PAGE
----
Monday, October 31, 2011

The Kind of Face You Slash - Day 31: You Who Are Not Accursed

Last night, I was quietly angry inside my brain about the idea that a writer, or any kind of artist, is no longer “relevant”. I despise this way of thinking because not only do I not know what it could mean, but I seriously doubt those who use it regularly know, either. Never mind for a second what it means for a writer to be irrelevant; what does it mean for a writer to be relevant? Relevant to whom? There are a lot of very good, even great, writers that nobody reads anymore, and this is the reading public’s loss entirely. Somebody once said to me that they’d never read E. L. Doctorow because they didn’t think he was relevant anymore. So you don’t even have to read the person to reach this conclusion. And what had led to this in the first place? Because Doctorow writes mainly about old-timey days?

Among the many, many writers to whom the “not relevant” label could be, and no doubt has been, applied is Kingsley Amis. Father of the, according to some, no longer relevant Martin Amis, Book Prize-winning author of The Old Devils, his place in some sort of canon assured with the publication of his first book, Lucky Jim, one-time Communist who eventually swung pretty hard to the right, assumed to be a bigot and homophobe by those who don’t read him because he’s no longer relevant or something, enough of a drunk to be admired on this count by Christopher Hitchens, friend of controversial but much-revered (and apparently, and surprisingly, still relevant) poet Philip Larkin and historian of the Soviet nightmare Robert Conquest, and one of the very few writers who can make me laugh out loud, Kingsley Amis was once very big, but through a mixture of various things, political persuasion likely among them, as well as – to be fair – the widely held opinion that his later books weren’t up to snuff, his literary star was plummeting well before his death in 1995, and despite the very surprising (because outside of me I don’t think anyone was asking for such a thing) and very massive double-hit of the 1200 page The Letters of Kingsley Amis and the 900+ page The Life of Kingsley Amis (the former compiled by, and the latter written by, Zachary Leader), there are currently no signs of a resurgence in interest. This must be regarded by anyone with an interest in the comic novel as Too Bad, to say the least.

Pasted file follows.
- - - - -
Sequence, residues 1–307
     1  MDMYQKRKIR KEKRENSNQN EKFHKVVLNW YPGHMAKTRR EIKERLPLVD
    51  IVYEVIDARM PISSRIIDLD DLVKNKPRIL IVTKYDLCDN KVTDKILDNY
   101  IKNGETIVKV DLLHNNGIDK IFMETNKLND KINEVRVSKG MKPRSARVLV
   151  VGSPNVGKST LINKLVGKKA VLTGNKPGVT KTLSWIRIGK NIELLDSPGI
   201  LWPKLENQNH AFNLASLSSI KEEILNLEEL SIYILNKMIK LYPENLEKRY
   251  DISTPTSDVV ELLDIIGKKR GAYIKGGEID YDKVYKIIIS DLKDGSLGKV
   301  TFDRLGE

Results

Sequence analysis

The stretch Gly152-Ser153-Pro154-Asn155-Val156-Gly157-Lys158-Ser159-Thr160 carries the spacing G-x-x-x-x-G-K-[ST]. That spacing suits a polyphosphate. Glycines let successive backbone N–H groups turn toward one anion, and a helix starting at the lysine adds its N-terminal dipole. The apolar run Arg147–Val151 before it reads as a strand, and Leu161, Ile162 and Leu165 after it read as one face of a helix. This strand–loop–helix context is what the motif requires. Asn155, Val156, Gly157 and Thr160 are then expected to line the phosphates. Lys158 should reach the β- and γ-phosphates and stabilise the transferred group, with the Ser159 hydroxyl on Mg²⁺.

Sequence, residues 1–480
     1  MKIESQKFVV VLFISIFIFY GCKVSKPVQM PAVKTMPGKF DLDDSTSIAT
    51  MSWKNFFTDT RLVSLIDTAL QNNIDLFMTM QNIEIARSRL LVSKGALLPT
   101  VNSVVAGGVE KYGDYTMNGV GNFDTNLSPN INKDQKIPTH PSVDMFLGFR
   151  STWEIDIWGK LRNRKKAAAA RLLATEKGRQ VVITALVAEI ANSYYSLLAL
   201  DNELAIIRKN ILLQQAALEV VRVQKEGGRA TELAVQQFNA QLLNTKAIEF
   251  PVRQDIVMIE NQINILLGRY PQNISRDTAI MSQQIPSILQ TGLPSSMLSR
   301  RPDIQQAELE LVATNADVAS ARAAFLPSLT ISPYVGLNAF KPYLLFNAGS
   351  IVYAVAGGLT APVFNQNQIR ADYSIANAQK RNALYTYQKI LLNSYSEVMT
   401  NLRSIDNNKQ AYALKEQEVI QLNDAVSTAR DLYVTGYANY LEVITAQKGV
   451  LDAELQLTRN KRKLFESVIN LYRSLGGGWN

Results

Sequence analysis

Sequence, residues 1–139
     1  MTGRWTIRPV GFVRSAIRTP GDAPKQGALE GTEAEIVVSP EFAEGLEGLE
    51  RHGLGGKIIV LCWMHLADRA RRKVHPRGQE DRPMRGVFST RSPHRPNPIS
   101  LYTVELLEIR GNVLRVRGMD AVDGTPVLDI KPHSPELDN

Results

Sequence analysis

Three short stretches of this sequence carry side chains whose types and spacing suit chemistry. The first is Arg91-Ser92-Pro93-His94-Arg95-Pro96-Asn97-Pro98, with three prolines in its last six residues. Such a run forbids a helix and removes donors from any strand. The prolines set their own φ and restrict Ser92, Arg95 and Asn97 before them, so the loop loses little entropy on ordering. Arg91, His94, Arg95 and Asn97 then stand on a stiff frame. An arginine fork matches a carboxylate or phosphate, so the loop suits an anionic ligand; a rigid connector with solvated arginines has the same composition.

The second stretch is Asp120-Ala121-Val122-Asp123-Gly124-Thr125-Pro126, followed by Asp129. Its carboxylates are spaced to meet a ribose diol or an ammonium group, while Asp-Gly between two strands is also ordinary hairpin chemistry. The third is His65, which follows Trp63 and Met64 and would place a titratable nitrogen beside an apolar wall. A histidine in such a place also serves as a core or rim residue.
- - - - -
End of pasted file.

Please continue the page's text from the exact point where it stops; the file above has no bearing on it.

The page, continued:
None of which matters to us today, though, I suppose. Fortunately, Kingsley Amis, who specialized in cynical, even bitter, drunken comedies of manners, was also something of a dabbler in genre fiction. His interest in reading it generally far outweighed his interest in writing it – in later years, he expressed a preference for Dick Francis novels over pretty much anything else – but along with his still-classic non-fiction overview of science fiction (his genre of choice, it must be said) New Maps of Hell, Amis made every attempt to dish it out, as well. With, to be frank, very mixed results. Of the three major genres whose waters he tested – science fiction, mystery, and horror – SF got most of his ink, and earned him the most genre credibility. He turned out at least one stone classic of SF, The Alteration, and several other novels and short stories of varying respectability (one of his science fiction novels, Russian Hide-and-Seek, which I haven’t read, also has the distinction of being considered his worst book, at least according to Martin Amis and Margaret Thatcher). Amis’s mystery fiction has to be his least successful, and most disappointing to me on a personal level. One of them, the one that’s most like a real book, The Riverside Villas Murder, has a murder plot reveals Amis as simply trying to fit a puzzle together in the most convoluted manner possible, though it works pretty well as a non-genre Amis book about growing up. Another, Crime of the Century, doesn’t have that going for it (it’s my least favorite Amis novel, mainly because it’s not funny, and is barely a novel).